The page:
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June 6 — A German privacy regulator June 6 fined three international companies for allegedly unlawfully transferring data to the U.S. in a show of enforcement force after the invalidation of the U.S.-European Union Safe Harbor Program.
According to Bloomberg News, the data protection authority (DPA) of Hamburg fined consumer goods maker Unilever 11,000 euros ($12,505), software company Adobe Systems Inc. 8,000 euros ($9,094) and fruit juice maker Punica—which is owned by PepsiCo Inc.—9,000 euros ($10,220). The DPA alleged that the three international companies with German operations failed properly ensure the privacy for employee and customer data transferred to the U.S.
With the old approved data transfer pact gone and its the future of its planned replacement—the EU-U.S. Privacy Shield—in doubt, U.S. companies seeking to lawfully transfer personal data out of Germany without risk of a privacy enforcement action have few options.
“For all companies in Europe, particularly in Germany where the DPAs are very sophisticated, and have become more aggressive in enforcement, companies are really struggling,” Jörg Hladjk, a cybersecurity and data protection attorney at Jones Day in Brussels, told Bloomberg BNA June 6.
“We are reaching a critical turning point for globally operating companies in terms of international data transfers,” Hladjk said. “Safe Harbor is no longer available, Privacy Shield not yet adopted, EU model clauses under scrutiny by the DPAs, binding corporate rules mean a ton of work,” Hladjk said.
“So what's left for companies to use in the short term?”
The European Court of Justice October 2015 invalidated the U.S.-European Union Safe Harbor framework which was relied on by over 4,400 U.S. companies and thousands of EU companies to transfer data between the U.S. and the EU (14 PVLR 1825, 10/12/15).
Negotiators Feb. 2 agreed on the EU-U.S. Privacy Shield agreement to replace the invalidated Safe Harbor program (15 PVLR 269, 2/8/16). But the replacement framework has been criticized by various parties as inadequate to protect EU citizens' data from mass government surveillance by the U.S. government (15 PVLR 1161, 6/6/16).
Following the invalidation of the Safe Harbor, the DPA investigated the data transfer practices of companies based in the northern German state with U.S. parent companies (15 PVLR 871, 4/25/16). The DPA's investigations uncovered that the “overwhelming majority” of these companies altered their data transfer practices to base them on standard contractual clauses during the six month implementation period following the Safe Harbor invalidation.
Several companies, however, didn't amend their data transfer practices and as a result, continued to carry out data transfers into the U.S. without a legal basis, the DPA said.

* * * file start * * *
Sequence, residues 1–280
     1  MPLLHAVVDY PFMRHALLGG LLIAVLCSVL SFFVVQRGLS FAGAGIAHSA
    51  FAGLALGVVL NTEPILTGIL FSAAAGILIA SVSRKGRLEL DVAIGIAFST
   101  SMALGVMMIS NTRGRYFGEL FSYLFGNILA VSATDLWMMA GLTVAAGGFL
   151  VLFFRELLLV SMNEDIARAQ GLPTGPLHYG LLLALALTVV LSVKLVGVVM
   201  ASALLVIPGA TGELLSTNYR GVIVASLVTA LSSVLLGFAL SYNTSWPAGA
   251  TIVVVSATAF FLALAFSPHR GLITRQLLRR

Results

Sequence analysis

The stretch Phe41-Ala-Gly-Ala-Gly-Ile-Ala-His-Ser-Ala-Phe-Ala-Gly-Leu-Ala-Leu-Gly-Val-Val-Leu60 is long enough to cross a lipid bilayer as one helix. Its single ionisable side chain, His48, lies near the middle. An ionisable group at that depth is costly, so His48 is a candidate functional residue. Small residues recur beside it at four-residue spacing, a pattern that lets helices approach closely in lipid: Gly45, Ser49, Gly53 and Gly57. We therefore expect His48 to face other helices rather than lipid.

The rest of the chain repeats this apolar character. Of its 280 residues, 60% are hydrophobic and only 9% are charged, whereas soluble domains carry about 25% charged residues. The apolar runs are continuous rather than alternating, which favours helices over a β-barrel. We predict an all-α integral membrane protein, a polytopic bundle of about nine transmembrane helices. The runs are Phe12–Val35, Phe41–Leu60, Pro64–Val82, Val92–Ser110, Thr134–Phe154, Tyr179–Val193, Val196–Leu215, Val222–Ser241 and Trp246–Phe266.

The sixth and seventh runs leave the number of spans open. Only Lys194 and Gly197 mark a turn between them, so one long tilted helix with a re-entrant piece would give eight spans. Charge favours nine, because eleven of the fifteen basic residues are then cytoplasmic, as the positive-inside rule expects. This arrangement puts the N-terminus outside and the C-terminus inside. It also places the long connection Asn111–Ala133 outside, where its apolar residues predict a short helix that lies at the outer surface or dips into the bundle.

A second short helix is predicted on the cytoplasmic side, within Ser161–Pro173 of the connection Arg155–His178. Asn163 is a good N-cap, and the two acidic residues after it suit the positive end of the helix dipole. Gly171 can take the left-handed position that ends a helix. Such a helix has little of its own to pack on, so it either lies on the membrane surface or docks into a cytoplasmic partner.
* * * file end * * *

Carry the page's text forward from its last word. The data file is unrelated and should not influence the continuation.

Ulrich Wuermeling of Latham & Watkins's Frankfurt office, told Bloomberg BNA June 6 that “whether and when the European Commission will confirm the adequacy of the EU-U.S. Privacy Shield remains uncertain given the negative opinions of the data protection authorities concerned.”
“Further uncertainty will result from potential legal actions against the EU-US Privacy Shield. As a consequence, companies should continue to use model clauses for data transfers to the U.S. and keep monitoring the developments in case another solution emerges to be more reliable,” Wuermeling said.
“The actions of the Hamburg DPA confirm that model clauses remain to be the most suitable replacement for Safe Harbor,” he added. “Even if the Irish Data Protection Commissioner initiates a court proceeding in order to clarify the validity of such model clauses, it will take at least two years before such a proceeding could lead to the invalidation of such model clauses by the ECJ.”
Meanwhile, attorneys are skeptical of solutions in the short term.
“It's a political discussion you will never solve—you would have to change the legal system in the U.S. to do away with the concerns,” one attorney, who asked to remain unidentified due to involvement with the investigation, told Bloomberg BNA June 6. “That's never going to happen.”
Hamburg Data Protection Commissioner Johannes Caspar said that in calculating the fines, the DPA took into account whether the companies have changed their practices to be based on standard contractual clauses.
The companies that were fined have changed their practices to be based on standard contractual clauses, it said.
“Stricter standards will surely be in place for violations detected in the future,” Caspar said.
The DPA added that several of the proceedings are ongoing, and other investigations remain open.
To contact the reporter on this story: Jabeen Bhatti in Berlin at firstname.lastname@example.org
To contact the editor responsible for this story: Jimmy H. Koo at email@example.com
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